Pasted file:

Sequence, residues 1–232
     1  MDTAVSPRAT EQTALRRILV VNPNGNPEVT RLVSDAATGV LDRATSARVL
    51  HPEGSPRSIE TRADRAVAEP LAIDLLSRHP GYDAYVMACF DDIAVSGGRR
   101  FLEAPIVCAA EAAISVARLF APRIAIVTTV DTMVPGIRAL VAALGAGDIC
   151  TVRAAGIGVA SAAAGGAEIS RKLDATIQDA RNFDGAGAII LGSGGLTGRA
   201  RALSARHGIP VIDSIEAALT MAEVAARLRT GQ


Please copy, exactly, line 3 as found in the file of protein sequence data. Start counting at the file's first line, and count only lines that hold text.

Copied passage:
    51  HPEGSPRSIE TRADRAVAEP LAIDLLSRHP GYDAYVMACF DDIAVSGGRR